The Bush administration Monday denied shifting its policy on North Korea's nuclear program to focus on preventing that country from exporting nuclear weapons or material. Secretary of State Colin Powell said the U.S. goal remains the elimination of North Korea's weapons program.
The comments were prompted by a New York Times report Monday that the administration has tacitly accepted the North Korean weapons program, and has shifted its focus to organizing international support for blocking nuclear exports by that country.
In a talk with reporters after meeting here with NATO Secretary-General George Robertson, Secretary of State Powell said the United States does not want to see North Korea have a nuclear capability and that the view is shared by all of North Korea's neighbors and interested parties in the region.
"We will continue to work with our friends in the region Japan, South Korea, China, Russia, Australia and others - to have a solid front in making it clear to North Korea that it would be in their best interest to remove and eliminate all programs and facilities that they have that would lead to development of nuclear weapons," Mr. Powell said.
Mr. Powell said the United States was working multilaterally to prevent nuclear exports by Pyongyang, a matter of serious concern to the Bush administration given North Korea's record of selling other sensitive military technology including ballistic missiles.
The administration has sought to dissuade North Korea from pursuing its weapons drive through a combination of diplomatic pressure and incentives. In his appearance with the NATO chief, Mr. Powell said the economically strapped country can expect help from outside if it changes its behavior. "Better opportunities await them, support awaits them from nations in the region if they would simply begin acting in a more responsible way than they have in the past with respect to nuclear weapons programs, as well as proliferation activities and other activities of the regime, such as the drug trafficking that they do," he said.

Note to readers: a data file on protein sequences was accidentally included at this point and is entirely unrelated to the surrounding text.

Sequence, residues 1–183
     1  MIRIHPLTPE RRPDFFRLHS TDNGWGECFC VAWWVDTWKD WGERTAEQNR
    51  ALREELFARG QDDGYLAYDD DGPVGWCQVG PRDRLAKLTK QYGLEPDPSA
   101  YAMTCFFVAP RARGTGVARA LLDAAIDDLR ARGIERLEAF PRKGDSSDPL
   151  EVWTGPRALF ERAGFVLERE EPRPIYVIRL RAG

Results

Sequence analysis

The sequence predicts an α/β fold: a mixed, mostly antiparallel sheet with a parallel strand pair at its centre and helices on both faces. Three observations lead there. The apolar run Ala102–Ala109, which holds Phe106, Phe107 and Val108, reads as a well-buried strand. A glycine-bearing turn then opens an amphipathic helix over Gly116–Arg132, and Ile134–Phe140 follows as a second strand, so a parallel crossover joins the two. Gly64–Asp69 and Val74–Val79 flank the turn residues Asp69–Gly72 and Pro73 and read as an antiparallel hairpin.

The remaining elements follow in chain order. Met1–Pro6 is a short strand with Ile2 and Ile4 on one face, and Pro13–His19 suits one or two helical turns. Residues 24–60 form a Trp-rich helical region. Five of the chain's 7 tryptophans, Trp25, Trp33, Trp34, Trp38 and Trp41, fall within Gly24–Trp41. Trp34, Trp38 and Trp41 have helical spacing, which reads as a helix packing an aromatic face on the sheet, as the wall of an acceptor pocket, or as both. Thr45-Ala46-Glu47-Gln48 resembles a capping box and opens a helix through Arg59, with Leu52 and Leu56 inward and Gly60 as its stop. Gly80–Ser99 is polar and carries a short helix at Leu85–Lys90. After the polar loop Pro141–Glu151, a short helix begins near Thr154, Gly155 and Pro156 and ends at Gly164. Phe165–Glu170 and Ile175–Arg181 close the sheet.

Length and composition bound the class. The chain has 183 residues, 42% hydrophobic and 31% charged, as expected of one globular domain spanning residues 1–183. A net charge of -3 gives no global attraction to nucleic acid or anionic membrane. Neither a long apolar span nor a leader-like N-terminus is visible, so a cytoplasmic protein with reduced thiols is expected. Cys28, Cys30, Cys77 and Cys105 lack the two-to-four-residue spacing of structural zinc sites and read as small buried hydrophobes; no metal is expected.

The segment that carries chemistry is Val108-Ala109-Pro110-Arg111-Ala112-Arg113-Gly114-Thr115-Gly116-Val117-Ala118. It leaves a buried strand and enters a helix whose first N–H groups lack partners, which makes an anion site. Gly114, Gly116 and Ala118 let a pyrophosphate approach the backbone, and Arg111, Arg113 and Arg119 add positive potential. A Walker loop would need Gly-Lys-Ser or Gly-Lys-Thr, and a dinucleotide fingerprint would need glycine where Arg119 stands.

State Department spokesman Richard Boucher said later the administration is still examining the results of the three-way talks in Beijing late last month with North Korean and Chinese officials and has not yet decided what its next steps might be.
Mr. Powell has said that at the Beijing talks, North Korea offered to dismantle its nuclear program and possibly also end its missile activity in exchange for "considerable" concessions by the United States.
But the Bush administration has said it is not prepared to reward North Korea for coming into compliance with past agreements it has violated.
In an appearance on NBC television Sunday, Mr. Powell said the administration will not be intimidated or blackmailed and will not again enter into an agreement like the 1994 "Agreed Framework" that froze North Korea's nuclear efforts, but left it with the capacity to restart the program.